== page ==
by WILEY READING
Originally published on Everyday Feminism and re-published here with their permission.
You know, the seat acrobatics you do when you’ve got cramps, but you’re too lazy to get up and get Advil, and it hasn’t gotten bad enough yet that you’ve got to lie on the ground with your butt up in the air.
It’s funny. When I initially began writing this article, I hadn’t had anything resembling a period in months. And then my doctor switched my birth control on me, and my reproductive organs took full advantage of the slight change in hormones. My body really, really wants to menstruate, y’all.
Oh. This might be a good time to mention that I’m a dude – one with a uterus. A very, very excitable uterus.
I actually did okay when the Great Body Part Mechanic in the Sky was handing out body parts. I have broad shoulders; fat settles on my belly instead of my thighs; and I have narrow hips. I’m built like a little bull (or refrigerator).
So although I don’t take testosterone, my body looks male in many ways that are important to me.
Unfortunately, there’s still my reproductive system.
When I got my period – at eleven – I discovered that my female hormones were just about as excited about menstruation as they could possibly be.
I used to think that this was something I’d just have to deal with, like my small hands and long eyelashes. But then, my psychiatrist prescribed me birth control pills.
She had correctly identified that I’m least stable in the weeks before and after my period. So I got to take BC for “continuous suppression of periods.”
I mostly get to forget that I can have periods. But I can’t pretend that I’m going to be able to avoid it permanently. Every once in a while, I have a full blown period attack.
So that’s my life. My period is going to period whenever it gets the chance.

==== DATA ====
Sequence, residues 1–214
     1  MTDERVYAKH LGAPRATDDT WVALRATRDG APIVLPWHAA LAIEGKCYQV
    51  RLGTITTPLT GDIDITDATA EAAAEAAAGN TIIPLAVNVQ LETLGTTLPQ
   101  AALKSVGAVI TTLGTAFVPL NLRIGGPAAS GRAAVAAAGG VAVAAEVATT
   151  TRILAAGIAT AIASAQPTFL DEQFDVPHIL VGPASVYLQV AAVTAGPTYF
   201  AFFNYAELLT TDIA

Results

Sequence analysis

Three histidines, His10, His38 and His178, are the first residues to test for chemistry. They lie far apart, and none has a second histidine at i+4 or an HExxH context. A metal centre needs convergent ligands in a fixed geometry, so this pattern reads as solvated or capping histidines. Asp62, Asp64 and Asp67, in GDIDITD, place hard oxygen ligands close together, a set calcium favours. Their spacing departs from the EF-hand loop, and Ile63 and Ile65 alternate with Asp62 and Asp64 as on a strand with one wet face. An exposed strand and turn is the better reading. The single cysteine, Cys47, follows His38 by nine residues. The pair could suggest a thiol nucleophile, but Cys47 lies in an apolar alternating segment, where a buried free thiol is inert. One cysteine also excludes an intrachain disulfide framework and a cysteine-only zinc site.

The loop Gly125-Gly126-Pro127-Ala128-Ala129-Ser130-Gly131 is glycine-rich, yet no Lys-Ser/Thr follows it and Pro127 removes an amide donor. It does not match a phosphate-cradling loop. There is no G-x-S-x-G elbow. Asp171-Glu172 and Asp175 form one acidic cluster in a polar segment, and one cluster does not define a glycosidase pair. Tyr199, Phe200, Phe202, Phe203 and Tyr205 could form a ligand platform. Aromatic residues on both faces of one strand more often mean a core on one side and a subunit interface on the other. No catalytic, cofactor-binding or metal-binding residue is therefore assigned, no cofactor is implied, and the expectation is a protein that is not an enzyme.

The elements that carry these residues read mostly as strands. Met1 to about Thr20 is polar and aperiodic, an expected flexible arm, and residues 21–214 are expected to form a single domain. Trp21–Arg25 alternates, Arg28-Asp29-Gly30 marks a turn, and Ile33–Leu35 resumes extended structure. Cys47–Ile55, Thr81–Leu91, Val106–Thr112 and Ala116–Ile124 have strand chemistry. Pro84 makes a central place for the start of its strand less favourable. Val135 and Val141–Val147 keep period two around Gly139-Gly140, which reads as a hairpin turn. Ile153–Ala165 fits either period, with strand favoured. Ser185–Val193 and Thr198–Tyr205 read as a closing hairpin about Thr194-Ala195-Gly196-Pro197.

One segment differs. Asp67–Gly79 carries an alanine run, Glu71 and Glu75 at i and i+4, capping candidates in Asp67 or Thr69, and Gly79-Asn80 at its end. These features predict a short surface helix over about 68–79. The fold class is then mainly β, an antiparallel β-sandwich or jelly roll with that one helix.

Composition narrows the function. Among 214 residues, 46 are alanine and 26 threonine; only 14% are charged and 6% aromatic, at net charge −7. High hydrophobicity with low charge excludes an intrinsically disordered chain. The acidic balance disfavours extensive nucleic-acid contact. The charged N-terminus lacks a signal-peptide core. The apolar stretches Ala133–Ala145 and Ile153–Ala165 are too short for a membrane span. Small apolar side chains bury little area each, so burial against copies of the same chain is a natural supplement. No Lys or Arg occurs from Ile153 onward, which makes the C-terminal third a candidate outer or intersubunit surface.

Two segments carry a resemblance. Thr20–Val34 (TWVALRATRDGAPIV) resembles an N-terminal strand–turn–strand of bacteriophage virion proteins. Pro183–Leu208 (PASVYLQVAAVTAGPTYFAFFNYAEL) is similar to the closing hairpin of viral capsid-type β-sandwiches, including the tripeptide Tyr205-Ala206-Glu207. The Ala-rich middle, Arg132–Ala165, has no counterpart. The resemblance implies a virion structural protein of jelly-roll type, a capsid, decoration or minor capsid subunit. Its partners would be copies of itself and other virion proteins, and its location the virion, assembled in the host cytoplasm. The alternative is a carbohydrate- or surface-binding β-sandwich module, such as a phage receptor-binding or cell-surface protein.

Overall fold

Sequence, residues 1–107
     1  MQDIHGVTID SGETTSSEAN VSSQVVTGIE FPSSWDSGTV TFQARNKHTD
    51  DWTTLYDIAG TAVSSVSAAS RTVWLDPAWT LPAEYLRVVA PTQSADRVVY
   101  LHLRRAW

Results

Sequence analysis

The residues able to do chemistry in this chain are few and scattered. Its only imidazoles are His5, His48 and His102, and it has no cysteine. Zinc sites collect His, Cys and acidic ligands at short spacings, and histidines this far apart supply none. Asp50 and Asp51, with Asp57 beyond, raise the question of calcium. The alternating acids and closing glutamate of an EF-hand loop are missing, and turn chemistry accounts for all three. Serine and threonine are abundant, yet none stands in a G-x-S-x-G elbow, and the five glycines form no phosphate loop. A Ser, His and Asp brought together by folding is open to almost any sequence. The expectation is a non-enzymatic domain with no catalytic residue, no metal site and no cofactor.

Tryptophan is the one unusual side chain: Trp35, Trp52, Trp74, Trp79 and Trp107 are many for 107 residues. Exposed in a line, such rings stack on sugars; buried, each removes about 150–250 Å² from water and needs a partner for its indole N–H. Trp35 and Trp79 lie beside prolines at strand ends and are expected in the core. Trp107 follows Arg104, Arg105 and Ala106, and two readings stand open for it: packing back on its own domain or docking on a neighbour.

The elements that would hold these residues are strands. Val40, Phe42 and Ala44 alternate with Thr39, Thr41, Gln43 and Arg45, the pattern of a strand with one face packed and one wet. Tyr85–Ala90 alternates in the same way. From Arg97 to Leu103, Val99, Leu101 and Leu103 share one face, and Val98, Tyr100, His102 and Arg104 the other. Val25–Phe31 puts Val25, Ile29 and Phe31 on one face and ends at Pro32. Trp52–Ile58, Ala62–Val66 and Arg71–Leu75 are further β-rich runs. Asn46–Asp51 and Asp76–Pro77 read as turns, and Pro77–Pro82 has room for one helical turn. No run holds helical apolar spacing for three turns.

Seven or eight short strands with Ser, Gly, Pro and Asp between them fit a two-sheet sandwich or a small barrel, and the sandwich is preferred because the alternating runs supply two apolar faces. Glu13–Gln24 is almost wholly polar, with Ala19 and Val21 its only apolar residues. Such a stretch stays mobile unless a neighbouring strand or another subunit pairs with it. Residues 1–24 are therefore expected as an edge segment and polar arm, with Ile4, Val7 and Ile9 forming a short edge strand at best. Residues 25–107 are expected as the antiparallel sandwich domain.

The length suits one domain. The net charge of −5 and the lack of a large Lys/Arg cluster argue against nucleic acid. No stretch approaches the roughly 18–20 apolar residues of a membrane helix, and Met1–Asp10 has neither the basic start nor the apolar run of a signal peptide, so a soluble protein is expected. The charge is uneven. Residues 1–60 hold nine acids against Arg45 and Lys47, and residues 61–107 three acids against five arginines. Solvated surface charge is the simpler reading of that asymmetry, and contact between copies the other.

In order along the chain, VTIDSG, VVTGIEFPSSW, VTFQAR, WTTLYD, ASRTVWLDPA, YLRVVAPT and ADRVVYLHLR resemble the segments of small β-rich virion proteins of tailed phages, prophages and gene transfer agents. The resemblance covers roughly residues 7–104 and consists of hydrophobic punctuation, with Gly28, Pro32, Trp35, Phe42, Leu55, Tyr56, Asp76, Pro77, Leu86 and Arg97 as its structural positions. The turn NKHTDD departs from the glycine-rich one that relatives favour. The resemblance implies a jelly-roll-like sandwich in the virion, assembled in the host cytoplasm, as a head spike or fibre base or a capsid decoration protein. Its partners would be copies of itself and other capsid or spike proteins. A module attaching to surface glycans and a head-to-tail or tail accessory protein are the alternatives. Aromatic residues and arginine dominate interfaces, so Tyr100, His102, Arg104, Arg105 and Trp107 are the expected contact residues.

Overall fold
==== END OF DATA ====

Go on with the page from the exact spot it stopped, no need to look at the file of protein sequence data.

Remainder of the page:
It’s not easy. Everyone in the world thinks periods are the ultimate expression of femininity. Sometimes it makes me feel very, very feminine.
But the truth is, there’s no reason bleeding makes me feminine.Gynomastia doesn’t make men women, and my period doesn’t make me one either.
Most trans guys have to deal with their periods at some point or another. It’s not something we talk about — a lot of us are ashamed, which is understandable.
But this shouldn’t be a shameful thing. We should be able to talk about what our bodies are doing and help each other out with tips and support.
I’m trying to start a conversation both about why menstruation isn’t an inherently female thing — if trans men experience it, it can’t be truly female, can it? — and how talking about our bodies is sometimes the best way to fight dysphoria and learn new things about how to improve our lives.
Periods happen to lots and lots of people. Many of them are women and girls, but those of us who are something else should have a context for our experience and a way of talking about it without being misgendered.
So here’s what I do to help myself feel better when I’m getting a visit from Aunt Period.
1. Avoid ‘Feminine Products’
I like not to wear pads or tampons or any sort of quote-unquote “feminine product.”
This is not possible for everyone, and it’s not even possible for me without the aid of birth control.
When I do need to buy them, sometimes I ask my girlfriend to buy them for me; sometimes I make a lot of jokes about it in my head. I remind myself that the cashier definitely does not care what I’m purchasing. If I’m feeling particularly fragile about it, I avoid stores where I might run into the same cashier again.
But when it is possible, it makes me feel more like myself experiencing a medical condition and less like I’m a lady flower experiencing lady uterus ladyship.
2. Treat It with a Sense of Humor
For example, I call it a “man period.” I joke to myself about it. I joke to my friends and girlfriend about it.